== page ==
Anyone who follows Star Trek — and it’s quite possible I’ve just lost half our readership with those five words — knows that when it comes to the feature films in this franchise’s extensive canon, the even-numbered flicks are the best.

The first one, Star Trek: The Motion Picture, was pure horsesh-t, although it did feature the hottest bald chick since Sinead O’Connor. Star Trek 2, on the other hand, was unquestionably awesome. Star Trek 3 was drivel, but Star Trek 4 was arguably the best of ’em all. Star Trek 5 was directed by Shatner — ’nuff said — but Star Trek 6 — featuring Kim Cattrall! — was smashtastic. Star Trek: Generations (which we’ll call Star Trek 7 to suit our purposes) was like a lethal injection of torpor, but Star Trek 8 was brilliant (and my personal favorite). Star Trek 9 was abhorrent, but Star Trek 10 — despite the fact that only me and my cousin Flynnie went to see it — was a nice return to form.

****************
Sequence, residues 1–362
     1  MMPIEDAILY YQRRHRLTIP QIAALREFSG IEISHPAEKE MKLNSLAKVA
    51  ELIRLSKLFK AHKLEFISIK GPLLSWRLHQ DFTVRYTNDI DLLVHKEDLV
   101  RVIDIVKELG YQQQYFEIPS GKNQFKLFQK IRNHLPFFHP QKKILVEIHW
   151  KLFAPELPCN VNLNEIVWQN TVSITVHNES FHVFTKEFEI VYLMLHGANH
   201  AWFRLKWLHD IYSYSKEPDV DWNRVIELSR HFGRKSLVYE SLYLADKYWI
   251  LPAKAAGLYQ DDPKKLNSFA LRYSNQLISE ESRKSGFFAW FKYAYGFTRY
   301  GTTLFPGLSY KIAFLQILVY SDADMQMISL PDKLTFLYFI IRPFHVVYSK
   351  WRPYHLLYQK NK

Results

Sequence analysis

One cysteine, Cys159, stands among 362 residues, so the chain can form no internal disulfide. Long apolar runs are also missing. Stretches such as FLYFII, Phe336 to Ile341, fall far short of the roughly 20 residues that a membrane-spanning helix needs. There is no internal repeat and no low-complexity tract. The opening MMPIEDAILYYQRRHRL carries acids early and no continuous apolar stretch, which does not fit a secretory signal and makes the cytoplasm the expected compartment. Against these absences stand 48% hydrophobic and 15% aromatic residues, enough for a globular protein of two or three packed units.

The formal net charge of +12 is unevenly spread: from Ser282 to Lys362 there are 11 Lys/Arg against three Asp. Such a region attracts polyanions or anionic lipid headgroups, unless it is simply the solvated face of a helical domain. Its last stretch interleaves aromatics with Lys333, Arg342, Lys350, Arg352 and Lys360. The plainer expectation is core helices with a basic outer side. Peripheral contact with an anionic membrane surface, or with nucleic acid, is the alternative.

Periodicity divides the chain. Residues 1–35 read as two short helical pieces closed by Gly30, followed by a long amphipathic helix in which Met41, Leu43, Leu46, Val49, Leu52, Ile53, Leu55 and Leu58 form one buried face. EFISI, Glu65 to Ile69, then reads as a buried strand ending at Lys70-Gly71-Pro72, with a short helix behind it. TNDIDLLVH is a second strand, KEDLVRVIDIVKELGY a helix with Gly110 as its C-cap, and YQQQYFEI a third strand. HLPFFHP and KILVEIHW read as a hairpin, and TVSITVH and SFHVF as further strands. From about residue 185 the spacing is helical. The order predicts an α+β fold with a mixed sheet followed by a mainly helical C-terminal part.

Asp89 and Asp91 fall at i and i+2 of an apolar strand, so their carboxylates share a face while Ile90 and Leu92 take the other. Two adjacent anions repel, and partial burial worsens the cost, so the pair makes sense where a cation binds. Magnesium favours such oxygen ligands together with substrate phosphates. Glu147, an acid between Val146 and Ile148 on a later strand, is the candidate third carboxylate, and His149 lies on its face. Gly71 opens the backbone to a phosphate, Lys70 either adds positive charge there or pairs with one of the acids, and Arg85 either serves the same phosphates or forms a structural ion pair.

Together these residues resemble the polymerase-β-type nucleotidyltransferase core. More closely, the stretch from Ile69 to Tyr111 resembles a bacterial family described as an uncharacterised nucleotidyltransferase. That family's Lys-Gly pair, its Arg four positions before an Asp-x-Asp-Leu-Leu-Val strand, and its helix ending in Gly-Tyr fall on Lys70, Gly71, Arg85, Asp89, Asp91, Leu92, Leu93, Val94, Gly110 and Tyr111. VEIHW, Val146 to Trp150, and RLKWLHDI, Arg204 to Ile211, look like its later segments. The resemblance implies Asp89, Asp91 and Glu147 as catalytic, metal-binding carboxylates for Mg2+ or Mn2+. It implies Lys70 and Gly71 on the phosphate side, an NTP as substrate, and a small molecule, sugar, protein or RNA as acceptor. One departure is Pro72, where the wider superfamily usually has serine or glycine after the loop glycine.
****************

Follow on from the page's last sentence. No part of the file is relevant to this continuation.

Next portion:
Over the past couple years, you could almost say the same thing about the Sox’ situation at shortstop. In 2004, an even-numbered year, we had Nomar — and people, you must understand, I love me some Nomar — and then we had Cabby. All things considered, a good year to be a Red Sox fan. In 2005, an odd-numbered year, we had Edgah, which seemed like a good idea at the time, but quickly evolved into one of the worst pick-ups of the New World Order. Then, in 2006, an even-numbered year, sh-t got right when we signed A-Gon: a splendid glove and a bat that actually flirted with .290 once or twice throughout the season.

So now we come to 2007, which kicks off what we will hopefully someday look back upon fondly as “the Julio Lugo Era.” And I pray to The Gammons that it’s more The Voyage Home than The Search for Spock.

Lastly, in case anyone was in danger of not getting their full day’s supply of Vitamin Knoblauch: